Or coming out into the darkness.
Still No one could see me.

I would have thought of them –
Heedless, within a week of battle – in pity,
Pride in their strength and in the weight and firmness
And link’d beauty of bodies, and pity that
This gay machine of splendour ‘ld soon be broken,
Thought little of, pashed, scattered . . .

Only, always,
I could but see them – against the lamplight – pass
Like coloured shadows, thinner than filmy glass,
Slight bubbles, fainter than the wave’s faint light,
That broke to phosphorus out in the night,
Perishing things and strange ghosts – soon to die
To other ghosts – this one, or that, or I.

Rupert Brooke
April, 1915

Thomas Hardy – First World War poems

Thomas Hardy
Thomas Hardy seems to have been against war in general, writing now famous poems such as ‘Drummer Hodge’ during the Boer War and Channel Firing during the lead up to the First World War.

Yet in 1914, at the request of the British Government, Hardy (by then 74 years old) began writing patriotic verse in order to support the work of the propaganda bureau.


In these poems, such as ‘Men Who March Away’, he seems convinced of the need to fight Germany and that the cause is just. Hardy believed in the idea of British sportsmanship and ‘fair play’ in war, and was against consciousness objectors.

Writing after the war, however, in poems such as ‘We Are Getting to the End’  (one of Hardy’s last poems), his feelings about war seem more ambiguous.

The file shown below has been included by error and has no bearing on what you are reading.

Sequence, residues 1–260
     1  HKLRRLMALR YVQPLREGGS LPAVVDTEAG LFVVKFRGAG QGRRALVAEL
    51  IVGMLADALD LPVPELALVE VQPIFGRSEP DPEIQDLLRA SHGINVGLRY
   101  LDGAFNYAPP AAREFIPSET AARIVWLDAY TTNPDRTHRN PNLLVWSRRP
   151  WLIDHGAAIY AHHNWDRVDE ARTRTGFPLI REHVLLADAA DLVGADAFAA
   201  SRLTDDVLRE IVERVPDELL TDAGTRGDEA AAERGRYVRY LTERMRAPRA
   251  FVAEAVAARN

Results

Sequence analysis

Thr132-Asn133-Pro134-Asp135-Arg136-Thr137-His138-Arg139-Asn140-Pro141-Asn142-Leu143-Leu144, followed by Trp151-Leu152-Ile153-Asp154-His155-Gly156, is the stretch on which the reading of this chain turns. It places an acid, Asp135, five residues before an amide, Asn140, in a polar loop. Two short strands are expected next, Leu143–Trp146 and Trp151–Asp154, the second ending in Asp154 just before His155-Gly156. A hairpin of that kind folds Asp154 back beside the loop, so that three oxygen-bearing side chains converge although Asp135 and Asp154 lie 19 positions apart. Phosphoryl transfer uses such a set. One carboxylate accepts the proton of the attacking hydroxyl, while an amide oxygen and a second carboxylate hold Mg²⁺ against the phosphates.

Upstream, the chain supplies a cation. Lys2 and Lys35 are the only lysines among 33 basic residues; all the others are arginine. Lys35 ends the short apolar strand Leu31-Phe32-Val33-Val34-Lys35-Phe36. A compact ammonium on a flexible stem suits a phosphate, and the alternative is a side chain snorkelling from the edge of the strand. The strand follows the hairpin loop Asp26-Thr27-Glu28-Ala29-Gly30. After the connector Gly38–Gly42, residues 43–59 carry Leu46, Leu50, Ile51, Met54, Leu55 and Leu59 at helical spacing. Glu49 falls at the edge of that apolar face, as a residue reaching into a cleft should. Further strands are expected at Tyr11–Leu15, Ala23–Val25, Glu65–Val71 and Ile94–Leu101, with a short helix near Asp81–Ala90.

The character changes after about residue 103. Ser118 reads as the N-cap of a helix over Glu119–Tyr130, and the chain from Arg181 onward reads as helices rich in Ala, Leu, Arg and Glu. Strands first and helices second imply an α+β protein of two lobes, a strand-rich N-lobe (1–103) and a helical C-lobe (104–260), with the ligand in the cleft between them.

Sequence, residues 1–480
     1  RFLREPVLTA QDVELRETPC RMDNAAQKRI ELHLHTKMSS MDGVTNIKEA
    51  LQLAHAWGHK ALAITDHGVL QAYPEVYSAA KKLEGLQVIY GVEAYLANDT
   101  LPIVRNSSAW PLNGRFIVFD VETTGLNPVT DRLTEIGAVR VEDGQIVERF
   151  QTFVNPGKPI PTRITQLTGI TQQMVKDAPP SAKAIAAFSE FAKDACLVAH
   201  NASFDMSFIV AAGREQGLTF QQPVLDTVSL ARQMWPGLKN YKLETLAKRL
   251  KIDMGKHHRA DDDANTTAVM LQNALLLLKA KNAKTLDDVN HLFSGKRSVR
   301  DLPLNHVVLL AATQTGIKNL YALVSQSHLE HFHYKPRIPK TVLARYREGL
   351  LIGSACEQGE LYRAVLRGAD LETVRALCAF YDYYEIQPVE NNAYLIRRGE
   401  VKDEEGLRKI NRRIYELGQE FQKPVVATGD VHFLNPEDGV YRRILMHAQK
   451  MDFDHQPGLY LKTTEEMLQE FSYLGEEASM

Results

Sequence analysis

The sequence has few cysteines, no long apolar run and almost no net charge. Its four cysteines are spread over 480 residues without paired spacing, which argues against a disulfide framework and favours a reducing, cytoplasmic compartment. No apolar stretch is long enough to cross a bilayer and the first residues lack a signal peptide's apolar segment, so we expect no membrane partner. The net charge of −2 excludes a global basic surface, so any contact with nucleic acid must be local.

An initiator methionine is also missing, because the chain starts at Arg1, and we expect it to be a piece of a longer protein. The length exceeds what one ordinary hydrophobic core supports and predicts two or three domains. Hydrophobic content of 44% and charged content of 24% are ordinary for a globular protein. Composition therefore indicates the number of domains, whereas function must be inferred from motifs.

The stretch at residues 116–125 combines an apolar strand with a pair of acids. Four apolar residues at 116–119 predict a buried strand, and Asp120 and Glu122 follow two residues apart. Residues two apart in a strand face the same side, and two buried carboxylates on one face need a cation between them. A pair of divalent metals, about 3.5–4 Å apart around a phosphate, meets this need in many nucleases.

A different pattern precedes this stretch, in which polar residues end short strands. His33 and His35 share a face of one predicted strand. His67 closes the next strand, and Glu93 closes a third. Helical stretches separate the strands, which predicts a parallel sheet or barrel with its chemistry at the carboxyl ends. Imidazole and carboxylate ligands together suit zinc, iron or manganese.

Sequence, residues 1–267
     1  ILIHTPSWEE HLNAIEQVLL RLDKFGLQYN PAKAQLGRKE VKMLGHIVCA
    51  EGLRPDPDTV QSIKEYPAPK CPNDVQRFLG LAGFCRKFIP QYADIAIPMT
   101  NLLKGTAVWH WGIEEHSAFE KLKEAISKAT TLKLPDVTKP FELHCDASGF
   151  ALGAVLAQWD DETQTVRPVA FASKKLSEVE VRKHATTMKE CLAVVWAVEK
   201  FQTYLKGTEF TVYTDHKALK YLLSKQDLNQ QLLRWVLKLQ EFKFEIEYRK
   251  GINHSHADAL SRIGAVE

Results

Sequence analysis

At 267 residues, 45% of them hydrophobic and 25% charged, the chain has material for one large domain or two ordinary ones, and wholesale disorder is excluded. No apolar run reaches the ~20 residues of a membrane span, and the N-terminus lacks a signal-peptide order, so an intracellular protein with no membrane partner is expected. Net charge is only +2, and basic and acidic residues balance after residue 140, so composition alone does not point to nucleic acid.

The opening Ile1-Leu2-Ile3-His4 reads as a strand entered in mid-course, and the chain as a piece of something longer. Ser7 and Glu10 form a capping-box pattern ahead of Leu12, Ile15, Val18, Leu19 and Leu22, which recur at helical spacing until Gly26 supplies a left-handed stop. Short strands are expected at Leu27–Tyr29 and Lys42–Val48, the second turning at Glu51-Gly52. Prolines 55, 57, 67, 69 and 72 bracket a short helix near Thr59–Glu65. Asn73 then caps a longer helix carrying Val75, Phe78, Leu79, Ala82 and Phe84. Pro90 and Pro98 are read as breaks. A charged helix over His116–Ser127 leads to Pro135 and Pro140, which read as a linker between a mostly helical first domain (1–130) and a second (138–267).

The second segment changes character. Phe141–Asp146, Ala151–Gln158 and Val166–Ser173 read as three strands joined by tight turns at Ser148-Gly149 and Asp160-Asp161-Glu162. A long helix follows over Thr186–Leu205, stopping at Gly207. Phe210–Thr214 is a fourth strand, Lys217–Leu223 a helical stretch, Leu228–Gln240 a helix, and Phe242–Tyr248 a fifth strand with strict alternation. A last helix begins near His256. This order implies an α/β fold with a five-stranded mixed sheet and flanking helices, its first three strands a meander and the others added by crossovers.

Men who march away
(Song of the Soldiers)

What of the faith and fire within us
Men who march away
Ere the barn-cocks say
Night is growing gray,
To hazards whence no tears can win us;
What of the faith and fire within us
Men who march away?

Is it a purblind prank, O think you,
Friend with the musing eye
Who watch us stepping by,
With doubt and dolorous sigh?
Can much pondering so hoodwink you!
Is it a purblind prank, O think you,
Friend with the musing eye?

Nay. We see well what we are doing,
Though some may not see –
Dalliers as they be –
England’s need are we;
Her distress would leave us rueing:
Nay. We well see what we are doing,
Though some may not see!

In our heart of hearts believing
Victory crowns the just,
And that braggarts must
Surely bite the dust,
Press we to the field ungrieving,
In our heart of hearts believing
Victory crowns the just.

Hence the faith and fire within us
Men who march away
Ere the barn-cocks say
Night is growing gray,
Leaving all that here can win us;
Hence the faith and fire within us
Men who march away.

Thomas Hardy, 5 September 1914
Published in the Times Literary Supplement on 9th September 1914, one month after the outbreak of war


We Are Getting to the End

We are getting to the end of visioning 
The impossible within this universe, 
Such as that better whiles may follow worse, 
And that our race may mend by reasoning. 

We know that even as larks in cages sing 
Unthoughtful of deliverance from the curse 
That holds them lifelong in a latticed hearse, 
We ply spasmodically our pleasuring. 

And that when nations set them to lay waste 
Their neighbours’ heritage by foot and horse, 
And hack their pleasant plains in festering seams, 
They may again, – not warily, or from taste, 
But tickled mad by some demonic force. – 
Yes. We are getting to the end of dreams!

Thomas Hardy
Written 1925 – 1928